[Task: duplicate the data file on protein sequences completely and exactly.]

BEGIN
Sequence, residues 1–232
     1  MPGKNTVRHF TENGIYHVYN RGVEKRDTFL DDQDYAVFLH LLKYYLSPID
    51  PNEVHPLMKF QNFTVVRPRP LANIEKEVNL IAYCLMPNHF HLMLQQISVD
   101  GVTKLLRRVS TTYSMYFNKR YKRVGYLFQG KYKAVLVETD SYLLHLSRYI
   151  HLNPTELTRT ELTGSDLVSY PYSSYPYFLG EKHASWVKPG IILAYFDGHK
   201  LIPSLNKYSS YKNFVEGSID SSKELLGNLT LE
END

Sequence, residues 1–232
     1  MPGKNTVRHF TENGIYHVYN RGVEKRDTFL DDQDYAVFLH LLKYYLSPID
    51  PNEVHPLMKF QNFTVVRPRP LANIEKEVNL IAYCLMPNHF HLMLQQISVD
   101  GVTKLLRRVS TTYSMYFNKR YKRVGYLFQG KYKAVLVETD SYLLHLSRYI
   151  HLNPTELTRT ELTGSDLVSY PYSSYPYFLG EKHASWVKPG IILAYFDGHK
   201  LIPSLNKYSS YKNFVEGSID SSKELLGNLT LE